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Enormous pumpkin off to state competition

Article Date: 
28 September, 2012 (All day)

Every year there is an annual weigh-off to determine the largest pumpkin grown in the state of Utah.  It is sponsored by the Utah Giant Pumpkin Growers Association.  Matt McConkie, Mountain Green resident, holds the current state record.  His enormous pumpkin weighed in last year at a whopping 1,600 pounds.
This year McConkie decided not to grow his massive vegetables.  Family friend, Tyler Quigley, said that his children were thrilled to hear the news because their dad would “have a better chance at winning this year.”  Quigley has been growing pumpkins with McConkie for three years now.  The first year he took third place with a 886 pound pumpkin and the second year he took sixth place weighing in at 994 pounds.  This year he estimates that his pumpkin will match the 1,600 pound record set by McConkie, but said, “You can never be sure until it is on the scale because some pumpkins are heavier than others for their size.  I won’t be getting much sleep until this pumpkin has safely been weighed.”
Quigley says the secret to growing these abnormally large gourds is good seeds, good soil and good luck.  The seeds that are used are obtained through other growers.  The genealogy of the seed can be traced back for generations.  It is very difficult to grow an award-winning pumpkin from seeds you buy from a box store.  These pumpkins are big eaters.   They require amended soil with manure, compost and fertilizers.  Plants are fed three to five times a week to replenish the nutrients in the soil.  Although Quigley is a resident of Mountain Green, the plants cannot be grown here.  The nighttime temperatures and early frosts  make it incredibly difficult to raise a vegetable of this size, so they are raised in an undisclosed plot of land that they lease in Weber County.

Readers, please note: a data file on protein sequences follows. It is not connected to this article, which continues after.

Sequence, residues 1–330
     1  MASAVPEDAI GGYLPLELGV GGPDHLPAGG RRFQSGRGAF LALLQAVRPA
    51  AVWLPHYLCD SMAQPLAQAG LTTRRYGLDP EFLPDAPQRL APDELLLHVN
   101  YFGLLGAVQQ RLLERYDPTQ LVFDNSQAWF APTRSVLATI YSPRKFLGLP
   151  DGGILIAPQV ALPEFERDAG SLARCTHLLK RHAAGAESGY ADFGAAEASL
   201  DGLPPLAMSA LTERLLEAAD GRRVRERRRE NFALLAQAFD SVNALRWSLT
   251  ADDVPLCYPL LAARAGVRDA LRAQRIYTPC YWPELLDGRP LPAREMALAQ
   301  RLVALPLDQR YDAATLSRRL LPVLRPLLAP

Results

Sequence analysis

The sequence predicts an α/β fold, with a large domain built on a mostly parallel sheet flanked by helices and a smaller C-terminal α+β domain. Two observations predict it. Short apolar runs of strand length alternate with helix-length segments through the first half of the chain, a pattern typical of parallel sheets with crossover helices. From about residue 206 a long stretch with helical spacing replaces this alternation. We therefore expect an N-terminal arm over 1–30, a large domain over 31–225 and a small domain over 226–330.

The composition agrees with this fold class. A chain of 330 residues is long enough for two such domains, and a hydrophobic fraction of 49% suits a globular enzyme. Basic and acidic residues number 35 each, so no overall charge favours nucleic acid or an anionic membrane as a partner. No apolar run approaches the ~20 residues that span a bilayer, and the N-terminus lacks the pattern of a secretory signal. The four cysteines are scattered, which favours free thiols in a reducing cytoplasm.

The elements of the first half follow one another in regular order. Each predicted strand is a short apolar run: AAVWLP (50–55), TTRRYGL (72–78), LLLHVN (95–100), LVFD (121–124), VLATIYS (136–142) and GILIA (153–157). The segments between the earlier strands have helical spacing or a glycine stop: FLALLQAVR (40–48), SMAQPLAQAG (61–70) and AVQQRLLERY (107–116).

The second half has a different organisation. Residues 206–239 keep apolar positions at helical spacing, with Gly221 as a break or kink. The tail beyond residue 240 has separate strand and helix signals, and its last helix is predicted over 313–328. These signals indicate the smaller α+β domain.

“It is exhilarating to watch these giants put on up to 40 pounds a day during peak growth.  You can almost watch them grow.  The plants end up being about 1,000 square feet and the pumpkin itself is roughly the size of a Mini Cooper,” said Quigley.  A lot of things can go wrong when growing pumpkins.  They can stop growing due to disease, and one of Quigley’s pumpkins split open when it was 1,200 lbs.  When they grow at that rate, sometimes they can’t stretch fast enough and they split.   Another worry is moving a gourd that size.   A friend and neighbor, Frayne Spens, helps Quigley harvest the pumpkins using his crane.  Large straps are placed under the pumpkin to lift it up.  “It’s very nerve wracking to move them.  If they crack, they are disqualified from the contest.”
The current world record holder was grown in Canada last year and weighed in at 1,818.5 lbs.  There is a prize for first place of $1,000, and a total prize purse of over $2,500.  However, Quigley says it’s not about the money; it’s just fun to see the looks on people’s faces when they see these gargantuan gourds.